Peace Corps Celebrates its 40th Anniversary in New York City

{'html': "New York, NY, May 30, 2001—Ambassadors from three continents will discuss the impact of Peace Corps around the world from 6 to 8 p.m., Thursday, May 31, at UNICEF's Henry Labouisse Hall, 3 United Nations Plaza on East 44th Street near First Avenue. The event—organized by the Peace Corps, the National Peace Corps Association, and the Returned Peace Corps Volunteers of Greater New York—is to celebrate the agency's 40th anniversary. The New York celebration is one of many throughout the country as the agency embarks on its fifth decade.

United Nations representatives—Counselor Carlos Enrique Garcia González of El Salvador, Ambassador Nana Effah-Apenteng of Ghana and Ambassador Jargalsaikhany Enkhsaikhan of Mongolia—will speak about the cross-cultural understanding volunteers foster in their home countries and the contributions they make to the their countries' development.

Carol Bellamy, a returned volunteer (1963-65) and Executive Director of UNICEF, will give welcoming remarks. Kofi A. Boateng, a Ghanaian-born New Yorker taught by Peace Corps volunteers and President of the National Puerto Rican Forum Inc., will speak on how volunteers influenced his life.

Peace Corps Acting Director Charles R. Baquet, III, a returned volunteer and former ambassador, will contribute to the discussion. The moderator will be Dane F. Smith, Jr., president of the National Peace Corps Association, the private alumni organization of returned volunteers, Peace Corps staff, and friends.

Today, some 140 New Yorkers are Peace Corps volunteers serving in 49 countries. They are part of the more than 7,000 volunteers—the highest number since 1974—from across the nation currently serving in 77 countries, working to teach children, help start new businesses, and stop the spread of AIDS. More than 162,000 Americans, including some 4,000 New York City residents, have joined the Peace Corps and served in 135 nations since 1961, when President John F. Kennedy signed an executive order to create the Peace Corps.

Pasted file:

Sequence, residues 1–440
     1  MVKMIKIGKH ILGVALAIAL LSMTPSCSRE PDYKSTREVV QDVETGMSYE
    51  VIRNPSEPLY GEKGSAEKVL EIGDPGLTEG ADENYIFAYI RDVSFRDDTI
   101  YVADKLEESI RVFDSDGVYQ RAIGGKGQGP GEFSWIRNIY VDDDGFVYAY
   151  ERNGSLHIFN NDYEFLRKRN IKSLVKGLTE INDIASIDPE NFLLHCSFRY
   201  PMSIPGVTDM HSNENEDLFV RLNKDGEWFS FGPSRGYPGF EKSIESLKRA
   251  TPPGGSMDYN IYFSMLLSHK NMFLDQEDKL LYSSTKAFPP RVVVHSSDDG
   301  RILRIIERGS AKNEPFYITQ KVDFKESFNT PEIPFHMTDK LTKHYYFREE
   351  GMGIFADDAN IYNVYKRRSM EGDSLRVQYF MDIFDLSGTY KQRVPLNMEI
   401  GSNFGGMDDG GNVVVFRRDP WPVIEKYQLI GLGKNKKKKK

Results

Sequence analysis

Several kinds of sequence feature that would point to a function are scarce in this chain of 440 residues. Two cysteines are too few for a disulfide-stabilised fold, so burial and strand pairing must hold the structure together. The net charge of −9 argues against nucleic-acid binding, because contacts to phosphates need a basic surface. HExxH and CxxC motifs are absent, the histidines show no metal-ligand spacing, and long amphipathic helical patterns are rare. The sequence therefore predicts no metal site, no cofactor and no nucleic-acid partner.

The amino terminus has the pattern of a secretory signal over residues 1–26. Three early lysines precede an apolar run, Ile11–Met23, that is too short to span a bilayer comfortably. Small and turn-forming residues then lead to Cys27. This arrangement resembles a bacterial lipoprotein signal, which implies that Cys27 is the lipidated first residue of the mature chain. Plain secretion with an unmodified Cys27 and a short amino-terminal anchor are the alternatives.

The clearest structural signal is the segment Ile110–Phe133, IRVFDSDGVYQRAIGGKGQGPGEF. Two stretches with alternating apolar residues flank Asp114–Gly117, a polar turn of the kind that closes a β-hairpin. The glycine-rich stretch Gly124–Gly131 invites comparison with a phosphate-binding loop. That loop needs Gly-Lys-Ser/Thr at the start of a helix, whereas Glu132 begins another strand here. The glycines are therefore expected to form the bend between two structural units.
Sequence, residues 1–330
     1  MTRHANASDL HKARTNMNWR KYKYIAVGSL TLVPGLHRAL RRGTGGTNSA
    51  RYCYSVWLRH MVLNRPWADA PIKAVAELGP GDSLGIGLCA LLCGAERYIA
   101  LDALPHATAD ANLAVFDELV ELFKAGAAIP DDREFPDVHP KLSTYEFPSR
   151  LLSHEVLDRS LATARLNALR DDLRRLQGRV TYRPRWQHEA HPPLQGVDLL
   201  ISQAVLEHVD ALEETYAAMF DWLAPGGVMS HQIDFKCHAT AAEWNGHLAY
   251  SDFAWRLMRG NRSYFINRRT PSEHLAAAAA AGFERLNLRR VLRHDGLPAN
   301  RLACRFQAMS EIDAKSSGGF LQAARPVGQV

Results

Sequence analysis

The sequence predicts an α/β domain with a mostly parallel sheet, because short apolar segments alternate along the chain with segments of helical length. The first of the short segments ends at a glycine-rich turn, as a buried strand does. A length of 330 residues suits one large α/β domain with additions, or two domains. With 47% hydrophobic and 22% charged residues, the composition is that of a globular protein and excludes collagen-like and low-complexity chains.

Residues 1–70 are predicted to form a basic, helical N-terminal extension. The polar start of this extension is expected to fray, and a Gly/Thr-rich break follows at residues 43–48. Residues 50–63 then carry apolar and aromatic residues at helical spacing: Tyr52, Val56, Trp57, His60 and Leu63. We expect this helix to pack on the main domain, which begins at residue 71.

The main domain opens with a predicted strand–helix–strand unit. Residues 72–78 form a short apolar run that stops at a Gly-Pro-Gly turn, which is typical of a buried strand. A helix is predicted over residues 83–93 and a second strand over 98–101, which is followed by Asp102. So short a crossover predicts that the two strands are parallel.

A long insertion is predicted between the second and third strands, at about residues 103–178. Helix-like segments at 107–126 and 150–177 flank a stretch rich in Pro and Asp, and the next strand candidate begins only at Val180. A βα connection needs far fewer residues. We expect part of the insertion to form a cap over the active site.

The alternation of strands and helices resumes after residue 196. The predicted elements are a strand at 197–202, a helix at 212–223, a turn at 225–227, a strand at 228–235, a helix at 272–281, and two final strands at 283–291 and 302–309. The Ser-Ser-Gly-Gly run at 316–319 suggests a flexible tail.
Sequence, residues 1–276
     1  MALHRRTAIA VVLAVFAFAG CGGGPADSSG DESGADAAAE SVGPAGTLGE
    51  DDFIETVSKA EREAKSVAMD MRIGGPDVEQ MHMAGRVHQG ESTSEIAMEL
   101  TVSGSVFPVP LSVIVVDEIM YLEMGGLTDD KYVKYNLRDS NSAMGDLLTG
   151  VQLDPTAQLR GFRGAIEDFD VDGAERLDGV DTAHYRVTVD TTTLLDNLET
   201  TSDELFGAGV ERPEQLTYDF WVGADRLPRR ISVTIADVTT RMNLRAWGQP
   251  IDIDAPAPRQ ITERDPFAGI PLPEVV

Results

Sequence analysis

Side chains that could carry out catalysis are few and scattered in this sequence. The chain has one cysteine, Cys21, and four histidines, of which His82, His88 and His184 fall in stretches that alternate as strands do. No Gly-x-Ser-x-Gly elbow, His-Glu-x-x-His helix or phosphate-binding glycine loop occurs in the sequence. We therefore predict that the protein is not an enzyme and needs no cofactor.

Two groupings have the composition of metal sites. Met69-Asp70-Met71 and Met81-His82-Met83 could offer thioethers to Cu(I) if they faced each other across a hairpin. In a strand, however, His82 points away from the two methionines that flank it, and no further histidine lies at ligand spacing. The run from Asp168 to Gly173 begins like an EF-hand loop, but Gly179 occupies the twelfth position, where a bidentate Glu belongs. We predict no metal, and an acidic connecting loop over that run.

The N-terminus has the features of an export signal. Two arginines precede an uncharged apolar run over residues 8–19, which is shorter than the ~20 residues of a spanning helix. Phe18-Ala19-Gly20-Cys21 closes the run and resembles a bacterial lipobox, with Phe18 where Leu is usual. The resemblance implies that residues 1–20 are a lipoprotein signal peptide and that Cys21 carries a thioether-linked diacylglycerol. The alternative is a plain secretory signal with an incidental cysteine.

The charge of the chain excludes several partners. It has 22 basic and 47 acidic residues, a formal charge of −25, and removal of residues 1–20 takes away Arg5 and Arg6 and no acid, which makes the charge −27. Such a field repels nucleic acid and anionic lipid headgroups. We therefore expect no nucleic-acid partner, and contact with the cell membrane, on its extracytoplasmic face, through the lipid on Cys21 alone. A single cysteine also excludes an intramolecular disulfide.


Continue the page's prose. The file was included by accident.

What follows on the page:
Peace Corps service enables volunteers to educate their families and communities about other cultures and gives volunteers confidence and unique abilities to take on important endeavors after returning to the United States. Today, returned Peace Corps volunteers play a leading role in teaching America's children, shaping foreign policy, expanding and enriching the business sector and volunteering in local communities.

* For more details on this 40th anniversary event or information on interesting Peace Corps volunteers from New York who have served since 1961 or are serving overseas now, please contact Elizabeth Kramer, Peace Corps Public Affairs Specialist, at (212) 637-6484 or [email protected].
* For more details on Peace Corps anniversary events or on volunteering, see the Peace Corps' Web site at or call 1-800-424-8580."}

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